Security Council bodies issue joint report on measures taken by States to disrupt terrorism financing

In June 2020, the Counter-Terrorism Committee Executive Directorate (CTED) and the Analytical Support and Sanctions Monitoring Team pursuant to resolutions 1526 (2004) and 2253 (2015) concerning Islamic State in Iraq and the Levant (ISIL) (Da’esh), Al-Qaida and the Taliban and associated individuals and entities, issued a joint report providing insight into measures taken by States to disrupt terrorism financing, including through the effective implementation of measures required by the relevant Council resolutions.

Based on responses from 112 Member States, the report highlights the commitment of Member States to denying terrorist groups access to funds and financial services, and stresses the important role played by United Nations sanctions measures (in particular, asset-freezing measures) in that regard.

Most States report having revised their counter-financing of terrorism (CFT) laws and having conducted terrorism-financing risk assessments, working collaboratively with law enforcement, the judiciary, financial intelligence units, the private sector and the non-profit sector.

The responses suggest that States continue to face challenges with respect to, inter alia, the institutionalization of public/private partnerships, the integration of human rights obligations into CFT measures, and cooperation with civil society actors in developing policies to ensure risk-based supervision of the non-profit sector.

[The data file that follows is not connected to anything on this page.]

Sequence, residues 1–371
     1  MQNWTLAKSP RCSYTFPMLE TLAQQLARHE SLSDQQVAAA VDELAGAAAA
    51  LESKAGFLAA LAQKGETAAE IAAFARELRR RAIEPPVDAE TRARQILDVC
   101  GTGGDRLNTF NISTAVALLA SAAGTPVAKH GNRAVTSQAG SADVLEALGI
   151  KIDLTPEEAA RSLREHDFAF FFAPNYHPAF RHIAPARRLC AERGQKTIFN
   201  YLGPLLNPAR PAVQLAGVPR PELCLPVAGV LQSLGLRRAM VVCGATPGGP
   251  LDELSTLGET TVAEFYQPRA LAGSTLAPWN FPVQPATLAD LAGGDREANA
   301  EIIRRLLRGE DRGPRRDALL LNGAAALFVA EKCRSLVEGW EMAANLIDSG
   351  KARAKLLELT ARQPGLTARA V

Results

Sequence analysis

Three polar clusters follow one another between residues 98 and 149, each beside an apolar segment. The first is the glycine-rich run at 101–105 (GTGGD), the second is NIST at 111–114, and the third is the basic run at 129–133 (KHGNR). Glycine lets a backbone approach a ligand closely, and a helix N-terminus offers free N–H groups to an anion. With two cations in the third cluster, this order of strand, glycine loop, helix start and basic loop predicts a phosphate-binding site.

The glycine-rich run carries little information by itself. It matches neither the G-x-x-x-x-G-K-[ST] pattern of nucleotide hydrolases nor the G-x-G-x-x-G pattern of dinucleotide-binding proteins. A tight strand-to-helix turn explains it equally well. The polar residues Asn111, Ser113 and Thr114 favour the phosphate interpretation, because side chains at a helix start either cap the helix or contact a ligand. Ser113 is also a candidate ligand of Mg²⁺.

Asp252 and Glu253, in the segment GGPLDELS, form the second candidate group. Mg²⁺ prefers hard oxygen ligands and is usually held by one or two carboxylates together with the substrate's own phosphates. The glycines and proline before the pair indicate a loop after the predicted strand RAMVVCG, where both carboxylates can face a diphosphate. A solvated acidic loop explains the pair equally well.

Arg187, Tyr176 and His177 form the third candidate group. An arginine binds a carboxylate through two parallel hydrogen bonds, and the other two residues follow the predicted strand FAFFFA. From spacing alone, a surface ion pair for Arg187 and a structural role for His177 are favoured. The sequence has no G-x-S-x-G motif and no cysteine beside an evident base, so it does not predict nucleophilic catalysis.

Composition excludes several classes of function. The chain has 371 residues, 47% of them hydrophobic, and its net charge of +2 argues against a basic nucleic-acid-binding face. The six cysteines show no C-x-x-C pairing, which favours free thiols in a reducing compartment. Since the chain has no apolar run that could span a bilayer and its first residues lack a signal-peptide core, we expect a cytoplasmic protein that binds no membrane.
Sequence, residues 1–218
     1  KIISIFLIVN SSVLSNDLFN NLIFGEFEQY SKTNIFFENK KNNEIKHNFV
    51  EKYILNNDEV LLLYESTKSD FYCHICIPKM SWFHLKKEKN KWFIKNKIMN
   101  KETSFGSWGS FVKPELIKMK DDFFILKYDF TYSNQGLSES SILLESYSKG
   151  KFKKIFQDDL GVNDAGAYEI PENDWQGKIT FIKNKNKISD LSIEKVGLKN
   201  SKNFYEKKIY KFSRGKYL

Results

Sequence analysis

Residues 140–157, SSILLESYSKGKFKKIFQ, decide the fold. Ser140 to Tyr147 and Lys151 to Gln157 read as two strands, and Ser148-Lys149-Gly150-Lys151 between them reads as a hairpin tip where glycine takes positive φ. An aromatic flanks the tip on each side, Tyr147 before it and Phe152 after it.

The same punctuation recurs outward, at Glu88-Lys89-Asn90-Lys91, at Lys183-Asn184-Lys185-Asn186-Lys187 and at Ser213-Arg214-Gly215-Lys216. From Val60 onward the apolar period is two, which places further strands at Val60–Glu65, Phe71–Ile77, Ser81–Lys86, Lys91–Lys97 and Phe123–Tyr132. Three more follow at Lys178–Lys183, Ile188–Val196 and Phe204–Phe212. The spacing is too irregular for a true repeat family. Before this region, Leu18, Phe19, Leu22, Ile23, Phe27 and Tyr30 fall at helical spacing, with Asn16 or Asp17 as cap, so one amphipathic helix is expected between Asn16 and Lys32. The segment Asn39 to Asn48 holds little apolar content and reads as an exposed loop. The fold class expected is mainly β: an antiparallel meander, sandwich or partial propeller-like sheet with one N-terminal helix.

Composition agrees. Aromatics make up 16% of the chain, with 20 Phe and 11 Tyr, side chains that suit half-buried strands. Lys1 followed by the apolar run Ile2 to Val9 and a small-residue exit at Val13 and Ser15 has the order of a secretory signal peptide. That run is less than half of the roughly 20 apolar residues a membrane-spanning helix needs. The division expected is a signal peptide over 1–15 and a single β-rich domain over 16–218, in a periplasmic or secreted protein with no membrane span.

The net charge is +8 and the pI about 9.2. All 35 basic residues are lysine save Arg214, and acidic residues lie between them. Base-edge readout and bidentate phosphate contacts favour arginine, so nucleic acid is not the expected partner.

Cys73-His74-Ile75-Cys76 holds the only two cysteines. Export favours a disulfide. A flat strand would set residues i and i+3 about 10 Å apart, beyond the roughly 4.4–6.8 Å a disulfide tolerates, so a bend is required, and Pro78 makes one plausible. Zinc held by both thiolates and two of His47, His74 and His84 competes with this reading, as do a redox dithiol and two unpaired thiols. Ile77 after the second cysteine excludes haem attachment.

The report notes that only a handful of States have developed an institutional and operational response to paragraph 24 of Security Council resolution 2462 (2019), which notes that the implementation of CFT measures should take into account the potential effect of those measures on exclusively humanitarian activities, including medical activities, that are carried out by impartial humanitarian actors.

The joint report was prepared pursuant to paragraph 37 of resolution 2462 (2019), which is the first Council resolution devoted to preventing and suppressing terrorism financing.

The resolution’s adoption reflects the Council’s continued determination to assist States to deprive terrorists of funds, financial assets and economic resources, as well as to deny them access to the financial system and to other economic sectors vulnerable to terrorism financing.

CTED will continue to update and inform Member States and the public about the implementation of international CFT standards.